“I didn’t know how to walk away when I was winning.

“If you gave me $2,000, I had to lose that $2,000 before I stopped.”

Six-figure losses

In early 1975, Benny lost a six-figure sum – the equivalent of two landed properties at that time – over 10 days by making a rash gamble on the stock market.

It put a big dent in his wedding plans: He had saved enough for his wedding dinner, but he did not have enough money to buy the diamond ring he had promised his bride.

In the first five years of their marriage, Anne’s allowance was often delayed because of her husband’s gambling losses.

Three friends lent him a total of almost $30,000, which saved him from going bankrupt.

To keep his promise of repaying them within three years, Benny worked doubly hard in the insurance business, emerging as one of its top agents.

Three friends lent him a total of almost $30,000, which saved him from going bankrupt.

“I believe in keeping my word,” Benny explained. “If you want a good reputation in business, you don’t promise something you can’t deliver.”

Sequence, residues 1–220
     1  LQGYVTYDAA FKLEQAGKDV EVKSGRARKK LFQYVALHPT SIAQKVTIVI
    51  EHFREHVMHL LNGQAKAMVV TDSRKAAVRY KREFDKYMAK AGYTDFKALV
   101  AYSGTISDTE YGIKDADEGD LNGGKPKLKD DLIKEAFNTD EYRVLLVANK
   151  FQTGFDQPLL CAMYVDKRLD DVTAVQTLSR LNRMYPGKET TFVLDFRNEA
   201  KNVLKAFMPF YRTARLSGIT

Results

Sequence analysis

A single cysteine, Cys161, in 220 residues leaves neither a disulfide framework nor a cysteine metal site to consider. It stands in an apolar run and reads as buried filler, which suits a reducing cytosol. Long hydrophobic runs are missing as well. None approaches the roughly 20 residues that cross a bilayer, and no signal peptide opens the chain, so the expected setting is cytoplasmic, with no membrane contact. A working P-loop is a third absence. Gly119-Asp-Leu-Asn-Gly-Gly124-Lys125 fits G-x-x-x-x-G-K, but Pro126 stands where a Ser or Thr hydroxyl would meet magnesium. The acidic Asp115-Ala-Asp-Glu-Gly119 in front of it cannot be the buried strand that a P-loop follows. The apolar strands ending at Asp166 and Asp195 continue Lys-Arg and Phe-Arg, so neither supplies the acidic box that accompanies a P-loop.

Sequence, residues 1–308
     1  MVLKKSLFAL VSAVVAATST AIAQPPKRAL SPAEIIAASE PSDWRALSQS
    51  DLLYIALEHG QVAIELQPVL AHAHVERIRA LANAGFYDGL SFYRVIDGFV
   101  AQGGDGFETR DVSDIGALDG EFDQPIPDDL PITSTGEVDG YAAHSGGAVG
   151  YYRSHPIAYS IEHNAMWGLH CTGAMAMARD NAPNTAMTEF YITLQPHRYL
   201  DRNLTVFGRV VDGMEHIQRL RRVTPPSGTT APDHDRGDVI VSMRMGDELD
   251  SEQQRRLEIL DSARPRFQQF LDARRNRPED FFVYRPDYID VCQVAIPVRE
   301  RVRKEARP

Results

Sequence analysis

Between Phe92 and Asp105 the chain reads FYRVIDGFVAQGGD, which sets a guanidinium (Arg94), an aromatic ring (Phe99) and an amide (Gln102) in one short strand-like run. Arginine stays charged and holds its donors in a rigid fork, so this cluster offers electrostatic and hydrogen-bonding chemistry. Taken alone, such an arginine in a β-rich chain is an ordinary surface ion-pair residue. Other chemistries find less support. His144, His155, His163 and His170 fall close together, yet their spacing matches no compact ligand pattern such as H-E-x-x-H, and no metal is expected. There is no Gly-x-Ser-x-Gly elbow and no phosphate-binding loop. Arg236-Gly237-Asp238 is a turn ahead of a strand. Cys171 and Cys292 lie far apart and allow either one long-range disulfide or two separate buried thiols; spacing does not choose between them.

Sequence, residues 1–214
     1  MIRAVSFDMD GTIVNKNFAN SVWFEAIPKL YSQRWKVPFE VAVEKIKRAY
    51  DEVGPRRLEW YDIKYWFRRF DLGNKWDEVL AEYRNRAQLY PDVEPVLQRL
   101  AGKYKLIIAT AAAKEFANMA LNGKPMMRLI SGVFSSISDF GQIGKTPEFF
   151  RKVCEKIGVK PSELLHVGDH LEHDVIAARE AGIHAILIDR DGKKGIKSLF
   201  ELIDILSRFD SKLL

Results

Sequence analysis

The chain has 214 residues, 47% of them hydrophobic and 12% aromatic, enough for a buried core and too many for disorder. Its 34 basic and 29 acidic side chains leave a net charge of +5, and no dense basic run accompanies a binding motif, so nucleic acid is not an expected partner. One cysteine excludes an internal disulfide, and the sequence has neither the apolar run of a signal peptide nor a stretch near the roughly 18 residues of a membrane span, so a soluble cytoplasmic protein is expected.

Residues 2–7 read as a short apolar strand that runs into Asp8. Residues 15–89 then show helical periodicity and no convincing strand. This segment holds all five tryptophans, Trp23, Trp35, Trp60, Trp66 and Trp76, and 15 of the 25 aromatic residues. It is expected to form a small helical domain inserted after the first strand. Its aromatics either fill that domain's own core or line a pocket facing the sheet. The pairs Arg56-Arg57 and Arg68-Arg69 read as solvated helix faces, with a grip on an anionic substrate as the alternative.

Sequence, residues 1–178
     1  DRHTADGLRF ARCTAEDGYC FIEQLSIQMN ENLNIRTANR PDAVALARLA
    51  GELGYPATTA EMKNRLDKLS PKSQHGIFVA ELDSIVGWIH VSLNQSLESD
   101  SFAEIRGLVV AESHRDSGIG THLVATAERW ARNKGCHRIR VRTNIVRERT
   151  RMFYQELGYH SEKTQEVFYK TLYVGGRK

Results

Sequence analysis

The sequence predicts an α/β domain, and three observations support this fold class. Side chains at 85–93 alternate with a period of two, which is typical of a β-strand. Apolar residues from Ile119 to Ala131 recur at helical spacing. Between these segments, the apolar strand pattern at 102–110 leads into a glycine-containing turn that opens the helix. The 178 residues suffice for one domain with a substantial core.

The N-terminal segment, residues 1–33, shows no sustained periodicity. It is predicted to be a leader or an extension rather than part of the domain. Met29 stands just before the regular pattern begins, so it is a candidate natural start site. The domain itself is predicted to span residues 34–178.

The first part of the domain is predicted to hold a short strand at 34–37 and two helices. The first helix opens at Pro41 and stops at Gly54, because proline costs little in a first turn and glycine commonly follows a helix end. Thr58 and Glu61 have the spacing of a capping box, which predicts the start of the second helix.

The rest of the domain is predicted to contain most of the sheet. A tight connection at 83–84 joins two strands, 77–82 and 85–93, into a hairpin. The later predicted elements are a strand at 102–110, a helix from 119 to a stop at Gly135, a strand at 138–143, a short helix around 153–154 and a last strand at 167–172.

But whenever Benny was flush with money, he would return to the gambling table all over again.

Things finally came to a head in February 1980 on a junket to Jakarta.

“I brought $4,000, and that night I won $6,000. But then I lost both. The junket organiser kept throwing chips at me until I lost another $30,000.

“When I came back to Singapore, I had to sell my beautiful 2,200 sq ft apartment to pay for my gambling losses. For two years, I had to rent two rooms in a five-room HDB flat in Bukit Ho Swee to live in.”

Ever loyal, his wife Anne didn’t leave him.

Quitting mahjong

Soon after, Benny left for a conference in the US.

When he returned to Singapore, Anne told him the unthinkable: She had stopped playing mahjong, an activity she deeply loved.

“My client had a countenance that I admired. I was totally the opposite – easily agitated, easily angered.”

Her mahjong kakis (friends) had started quarrelling during a game, and she stopped playing with them. The same thing happened with another group.